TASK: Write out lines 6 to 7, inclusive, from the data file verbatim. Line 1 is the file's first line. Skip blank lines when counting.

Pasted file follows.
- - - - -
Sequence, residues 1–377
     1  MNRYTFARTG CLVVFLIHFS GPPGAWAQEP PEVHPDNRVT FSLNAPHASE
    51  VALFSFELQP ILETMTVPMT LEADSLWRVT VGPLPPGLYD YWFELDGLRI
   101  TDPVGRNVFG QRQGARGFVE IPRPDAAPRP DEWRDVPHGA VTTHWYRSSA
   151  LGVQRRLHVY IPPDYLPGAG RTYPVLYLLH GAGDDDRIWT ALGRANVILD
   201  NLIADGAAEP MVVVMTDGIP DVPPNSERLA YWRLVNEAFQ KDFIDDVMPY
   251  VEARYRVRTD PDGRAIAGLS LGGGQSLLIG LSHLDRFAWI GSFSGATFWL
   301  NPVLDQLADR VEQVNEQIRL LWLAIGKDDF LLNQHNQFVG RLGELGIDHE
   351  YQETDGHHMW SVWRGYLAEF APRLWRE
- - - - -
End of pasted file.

   201  NLIADGAAEP MVVVMTDGIP DVPPNSERLA YWRLVNEAFQ KDFIDDVMPY
   251  VEARYRVRTD PDGRAIAGLS LGGGQSLLIG LSHLDRFAWI GSFSGATFWL